“YOUTH” VOTER APATHY: Or, “Did you see that thing about the election on Facebook?”

Friday, October 16, 2015

  • Image courtesy of the CBC

    Image courtesy of the CBC

Written by Jaimee-Lisa Cotter

It’s a hard topic to escape right now: media coverage, student groups and candidates canvasing on campus, everyone and their mother telling you how important it is to vote… It may be over-bearing, but it’s difficult not to find justification for it.

In the 2011 federal election, and astonishingly low 38.8 per cent of Canadian citizens between the ages of 18-24 voted. To break that down a little further: According to Census Canada, in 2011 the total population was 31 612 897. And 24 257 592 of those were eligible or already registered to vote. Only 14 823 408 did. That’s pretty pathetic, folks.

These are the types of stats you’ve seen thrown specifically at youth voters in Canada, from campus to online community, using colourful infographics and bright, attention grabbing illustrations to pull us into voting.

And while some people think it’s unnecessary, obnoxious and unconventional, there are tell tale signs that these types of tactics (colourful and simplistic though they may be) are actually working: Elections Canada says an estimated 850000 people voted on October 9, the first day of advance polls for the 2015 federal election. They’re touting these numbers as a 26 per cent increase over the first day of advance polls for the 2011 election, and an incredible 90 per cent over the first day of advance polls in 2008. This is some pretty amazing news, considering that fun piece of recent legislation known as the “Fair Elections Act”, introduced increasingly strict identification requirements, making it difficult for, as the Globe and Mail very subtly put it, “certain Canadians” to vote. One of the groups in those “certain Canadians” are students and youth.

In this day and age, where information is pumped into us at every turn possible and the spotlight on accessibility is at an all time high, one can’t help but wonder if it’s sheer laziness to “not know enough about politics to vote”. Do you understand the anatomy of a beta fish well enough to have one? No, but it’s still sitting on your desk in water you haven’t changed since midterms started, and that’s not stopping you from being a pet owner. That’s because you can condense its care regimen to an essential overview: two pellets, twice a day. Cool. Easy stuff.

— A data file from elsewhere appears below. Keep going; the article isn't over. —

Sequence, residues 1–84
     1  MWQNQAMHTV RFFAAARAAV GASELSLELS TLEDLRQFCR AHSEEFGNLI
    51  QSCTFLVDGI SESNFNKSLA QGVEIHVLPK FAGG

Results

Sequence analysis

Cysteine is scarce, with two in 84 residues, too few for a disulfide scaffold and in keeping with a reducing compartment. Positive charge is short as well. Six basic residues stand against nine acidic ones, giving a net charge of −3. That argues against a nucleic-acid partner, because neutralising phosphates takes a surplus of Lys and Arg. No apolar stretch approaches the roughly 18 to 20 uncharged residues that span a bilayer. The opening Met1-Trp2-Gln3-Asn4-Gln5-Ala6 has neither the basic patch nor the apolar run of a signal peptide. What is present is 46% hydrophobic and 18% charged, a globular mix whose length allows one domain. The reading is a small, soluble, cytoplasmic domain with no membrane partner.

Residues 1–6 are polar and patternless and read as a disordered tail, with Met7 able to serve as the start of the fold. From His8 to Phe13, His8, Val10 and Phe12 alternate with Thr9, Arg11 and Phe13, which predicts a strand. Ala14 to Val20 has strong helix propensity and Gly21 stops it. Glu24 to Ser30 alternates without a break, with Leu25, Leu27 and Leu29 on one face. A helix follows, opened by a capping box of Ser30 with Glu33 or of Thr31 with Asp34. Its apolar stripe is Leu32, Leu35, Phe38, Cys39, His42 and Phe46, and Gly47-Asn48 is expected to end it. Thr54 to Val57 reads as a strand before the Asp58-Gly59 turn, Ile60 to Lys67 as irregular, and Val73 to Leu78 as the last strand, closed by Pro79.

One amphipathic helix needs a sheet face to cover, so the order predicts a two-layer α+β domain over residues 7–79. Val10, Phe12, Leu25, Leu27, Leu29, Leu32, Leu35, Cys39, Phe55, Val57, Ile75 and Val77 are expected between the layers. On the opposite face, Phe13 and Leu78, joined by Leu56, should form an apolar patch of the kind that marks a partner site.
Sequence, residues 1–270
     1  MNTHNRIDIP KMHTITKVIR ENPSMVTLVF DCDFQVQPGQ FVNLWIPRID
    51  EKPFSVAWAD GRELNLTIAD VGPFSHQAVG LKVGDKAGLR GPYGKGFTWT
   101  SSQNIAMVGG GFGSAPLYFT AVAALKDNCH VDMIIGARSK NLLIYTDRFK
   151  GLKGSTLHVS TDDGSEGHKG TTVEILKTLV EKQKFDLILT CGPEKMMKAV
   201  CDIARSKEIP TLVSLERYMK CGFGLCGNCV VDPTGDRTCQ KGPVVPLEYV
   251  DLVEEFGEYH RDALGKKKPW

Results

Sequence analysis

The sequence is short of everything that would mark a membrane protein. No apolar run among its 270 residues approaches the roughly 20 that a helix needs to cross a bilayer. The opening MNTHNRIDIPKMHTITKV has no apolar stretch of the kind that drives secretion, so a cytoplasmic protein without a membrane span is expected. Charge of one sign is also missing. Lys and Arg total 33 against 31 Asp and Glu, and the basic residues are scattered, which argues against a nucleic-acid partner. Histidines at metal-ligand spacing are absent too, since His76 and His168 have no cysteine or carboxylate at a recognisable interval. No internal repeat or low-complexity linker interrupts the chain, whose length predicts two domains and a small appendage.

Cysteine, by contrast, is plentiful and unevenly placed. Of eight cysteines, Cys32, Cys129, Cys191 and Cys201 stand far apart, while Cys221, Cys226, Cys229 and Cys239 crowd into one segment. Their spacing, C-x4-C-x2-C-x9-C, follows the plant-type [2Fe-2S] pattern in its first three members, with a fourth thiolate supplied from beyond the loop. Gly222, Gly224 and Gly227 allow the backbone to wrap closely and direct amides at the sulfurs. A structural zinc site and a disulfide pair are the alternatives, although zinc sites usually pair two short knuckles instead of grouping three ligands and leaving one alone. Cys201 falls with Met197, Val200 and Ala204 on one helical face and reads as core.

Maybe what’s required to get people at polling stations is exactly this manner of condensing information: if it’s easy enough to read the side of a fish food container, or to go on Facebook and click through some stuff, then maybe voting can be as easy as owning a beta fish.

Enter online resources that feature clear cut, clean packaging of political messages and information that increase the accessibility factor for those with a half-hearted interest in the 2015 election. While a lot of these youth-targeted resources are an onslaught of anti-Harper and strategic voting, some are taking the route of simplifying comprehension and comparison, putting only the necessary information in the hands of the voters and encouraging them to make autonomous, informed decisions. One fairly local and wildly successful example of this is the popular app and website, Pollenize.

“The reception has been overwhelmingly positive. A quarter of a million people will have used Pollenize. The average user spends over 11 minutes comparing party platforms. I'll admit that motivating the press to promote our tool has been difficult but the users who do come across the tool have find it useful for them.” says Miguel Barbosa, one of the creators and organizers of the online initiative.

The reactions to endeavours like Pollenize illustrate just how important they can be in engaging potential voters. “We find that people are utilizing all aspects of the tool. People are spending lots of time comparing platforms, favouriting the issue stances that are important to them as well as taking the time to reach out to us with their thanks”.

A few days ago, Vice Canada put forth an article which included several political campaign parody ads by Canadian visual graphics artist Nick DenBoer, who feels entirely justified in seizing this opportunity for a bit of satirical free speech: “It’s like they’re spoon feeding you this bullshit… and these have been playing non-stop, getting crammed in our ears, and everyone hates them. It’s like ‘Well fuck you, make something we can digest and respect instead of these ridiculous church ads.’”